Guest Opinion: When college athletes don’t snooze, they lose

Since the relationship between sleep deprivation and sports performance first appeared on the radar of medical researchers, studies have consistently pointed to sleep as the most effective natural performance enhancer.

Today, sleep deprivation is a full blown epidemic at the national level, according to the CDC. And on college campuses across the country, it’s even worse. For athletes with full schedules and exhausting travel demands, sleep is treated as a luxury, not a necessity.

With exhaustion among collegiate athletes reaching epidemic proportions, health experts have initiated aggressive new efforts to educate student athletes on ways to improve their health by first improving their sleep.

For many, respite from restlessness begins by understanding the ways in which commonplace technologies can either help or hinder sleep.

According to the National Sleep Foundation, more than 90 percent of Americans now use a computer or mobile electronic device within 60 minutes of going to sleep. Adults between the ages of 18 and 24 are most engaged with smartphones and tablets between the sheets.

But research shows that artificial light from mobile devices can disrupt specific brain chemicals that promote sleep. Prolonged exposure to a bright tablet screen, for example, impairs the body’s ability to produce melatonin, a natural hormone that regulates sleep and wake cycles.

Although it’s not advisable to actively engage with phones and computers in bed, that doesn’t mean mobile technology can’t help improve the length and quality of your sleep.

Increasingly popular with athletes and chronic insomniacs is Sleep Genius, a groundbreaking new iOS app that delivers a scientific concoction of sound technologies that puts you to sleep faster and keeps you asleep longer.

Inspired by years of research used to help astronauts obtain more restful sleep in space, this technology is now being put to effective use in dorms and bedrooms everywhere. So far, clinical trials indicate that this neuroscience based sleep program improved sleep for 75% of users.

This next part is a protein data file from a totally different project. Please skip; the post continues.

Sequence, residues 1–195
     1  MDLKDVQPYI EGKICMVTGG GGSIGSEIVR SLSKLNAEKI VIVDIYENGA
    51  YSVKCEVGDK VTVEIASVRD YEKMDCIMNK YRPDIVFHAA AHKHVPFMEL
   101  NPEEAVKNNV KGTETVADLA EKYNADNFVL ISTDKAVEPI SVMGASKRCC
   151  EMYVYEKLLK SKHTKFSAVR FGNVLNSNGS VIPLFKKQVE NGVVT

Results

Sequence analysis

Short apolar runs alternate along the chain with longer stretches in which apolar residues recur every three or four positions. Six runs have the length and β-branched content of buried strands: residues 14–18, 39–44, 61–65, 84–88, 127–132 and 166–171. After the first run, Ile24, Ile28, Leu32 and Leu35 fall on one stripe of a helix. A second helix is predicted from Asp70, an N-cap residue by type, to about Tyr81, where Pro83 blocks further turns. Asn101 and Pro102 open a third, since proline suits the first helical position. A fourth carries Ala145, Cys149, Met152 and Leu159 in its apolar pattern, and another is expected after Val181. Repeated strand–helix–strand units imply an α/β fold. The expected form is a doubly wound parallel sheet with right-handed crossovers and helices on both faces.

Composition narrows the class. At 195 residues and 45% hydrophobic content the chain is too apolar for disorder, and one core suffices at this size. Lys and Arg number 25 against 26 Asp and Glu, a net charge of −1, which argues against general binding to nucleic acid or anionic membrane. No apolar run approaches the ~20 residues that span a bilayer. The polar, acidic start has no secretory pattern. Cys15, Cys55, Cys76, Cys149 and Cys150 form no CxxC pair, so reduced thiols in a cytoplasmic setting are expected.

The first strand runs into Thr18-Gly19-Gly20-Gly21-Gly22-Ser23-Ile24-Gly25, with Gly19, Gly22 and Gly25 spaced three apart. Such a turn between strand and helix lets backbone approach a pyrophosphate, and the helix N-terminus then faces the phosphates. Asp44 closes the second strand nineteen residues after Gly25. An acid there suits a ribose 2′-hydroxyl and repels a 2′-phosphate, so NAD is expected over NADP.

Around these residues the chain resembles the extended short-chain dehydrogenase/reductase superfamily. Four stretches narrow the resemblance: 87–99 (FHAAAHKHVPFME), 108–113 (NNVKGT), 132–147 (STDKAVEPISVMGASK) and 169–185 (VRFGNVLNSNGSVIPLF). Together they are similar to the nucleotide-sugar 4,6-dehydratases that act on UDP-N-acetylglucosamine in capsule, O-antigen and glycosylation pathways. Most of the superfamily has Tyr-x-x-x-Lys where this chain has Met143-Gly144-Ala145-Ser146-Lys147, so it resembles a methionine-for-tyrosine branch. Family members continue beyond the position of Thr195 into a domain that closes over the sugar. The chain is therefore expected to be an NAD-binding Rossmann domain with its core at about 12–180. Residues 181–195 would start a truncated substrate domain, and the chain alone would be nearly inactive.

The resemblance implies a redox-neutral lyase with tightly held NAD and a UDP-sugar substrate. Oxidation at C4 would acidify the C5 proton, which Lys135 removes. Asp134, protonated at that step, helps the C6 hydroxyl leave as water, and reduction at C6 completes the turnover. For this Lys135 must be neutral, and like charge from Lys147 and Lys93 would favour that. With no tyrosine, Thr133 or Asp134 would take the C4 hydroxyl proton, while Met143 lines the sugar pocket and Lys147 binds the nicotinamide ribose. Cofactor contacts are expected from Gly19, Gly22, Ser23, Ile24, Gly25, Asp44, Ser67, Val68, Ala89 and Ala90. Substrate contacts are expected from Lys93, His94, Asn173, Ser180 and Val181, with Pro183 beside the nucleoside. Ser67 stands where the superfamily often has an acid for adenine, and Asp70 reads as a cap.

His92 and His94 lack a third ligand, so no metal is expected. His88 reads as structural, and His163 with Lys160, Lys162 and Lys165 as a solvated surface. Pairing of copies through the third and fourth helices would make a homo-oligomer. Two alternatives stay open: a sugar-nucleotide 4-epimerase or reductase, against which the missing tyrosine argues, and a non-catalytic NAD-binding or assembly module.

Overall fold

Unfortunately, one of the reasons so many college students require the aid of technology like Sleep Genius to obtain better rest is their dangerous dependence upon energy drinks.

With consumption at record levels among college students, energy drinks have been linked to insomnia, high blood pressure, rapid heartbeats, mood changes, dehydration and even seizures.

Alarmingly, the popularity of energy drinks is rivaled only by the popularity of sleeping pills.

What is usually intended to be a temporary solution for sleeplessness routinely evolves into a lengthy relationship between students and sleeping pills. But even short-term usage can still result in so-called rebound insomnia, making it exponentially more difficult to fall asleep after the pills are discontinued.

When you consider that medicinal sleep aids may worsen or even provoke depression, it’s painfully evident why a growing number of healthcare professionals view sleeping pills as a prescription for disaster among college students.

Ultimately, however, the path to better sleep begins with personal responsibility.

If you’ve ever articulated the common athlete mantra which holds that “sleep is for the weak,” let it be known that science has officially proven you wrong.

Every consequence of sleep deprivation works in concert to weaken the mind and body. Without enough sleep, you’re more inclined to get sick, get injured, and get sidelined from school and sports.

“You snooze you lose” is an adage with which we are all familiar. But scientists and medical researchers have illustrated with frightening examples again and again that it’s the people that don’t snooze who are at greatest risk of losing something important: their health.

 

MICHAEL ESSANY is a bestselling author and senior editor of Mobile Marketing Watch who has also been featured on CNN, Oprah, NBC’s Today and inside the pages of Time, Newsweek and People. For more information, visit www.MichaelEssany.com.

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